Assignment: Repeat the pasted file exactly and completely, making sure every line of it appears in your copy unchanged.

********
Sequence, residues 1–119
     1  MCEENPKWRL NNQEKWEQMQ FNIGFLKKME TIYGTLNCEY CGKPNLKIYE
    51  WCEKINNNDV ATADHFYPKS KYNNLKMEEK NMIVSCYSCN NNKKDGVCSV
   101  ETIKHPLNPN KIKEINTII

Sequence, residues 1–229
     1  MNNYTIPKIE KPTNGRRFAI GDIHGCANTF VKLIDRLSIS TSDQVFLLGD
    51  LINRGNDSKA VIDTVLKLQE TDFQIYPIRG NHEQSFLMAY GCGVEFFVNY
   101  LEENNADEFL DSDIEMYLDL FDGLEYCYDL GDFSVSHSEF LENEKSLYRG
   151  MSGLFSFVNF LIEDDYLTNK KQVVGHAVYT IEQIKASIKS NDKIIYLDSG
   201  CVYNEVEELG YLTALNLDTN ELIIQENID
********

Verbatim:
Sequence, residues 1–119
     1  MCEENPKWRL NNQEKWEQMQ FNIGFLKKME TIYGTLNCEY CGKPNLKIYE
    51  WCEKINNNDV ATADHFYPKS KYNNLKMEEK NMIVSCYSCN NNKKDGVCSV
   101  ETIKHPLNPN KIKEINTII

Sequence, residues 1–229
     1  MNNYTIPKIE KPTNGRRFAI GDIHGCANTF VKLIDRLSIS TSDQVFLLGD
    51  LINRGNDSKA VIDTVLKLQE TDFQIYPIRG NHEQSFLMAY GCGVEFFVNY
   101  LEENNADEFL DSDIEMYLDL FDGLEYCYDL GDFSVSHSEF LENEKSLYRG
   151  MSGLFSFVNF LIEDDYLTNK KQVVGHAVYT IEQIKASIKS NDKIIYLDSG
   201  CVYNEVEELG YLTALNLDTN ELIIQENID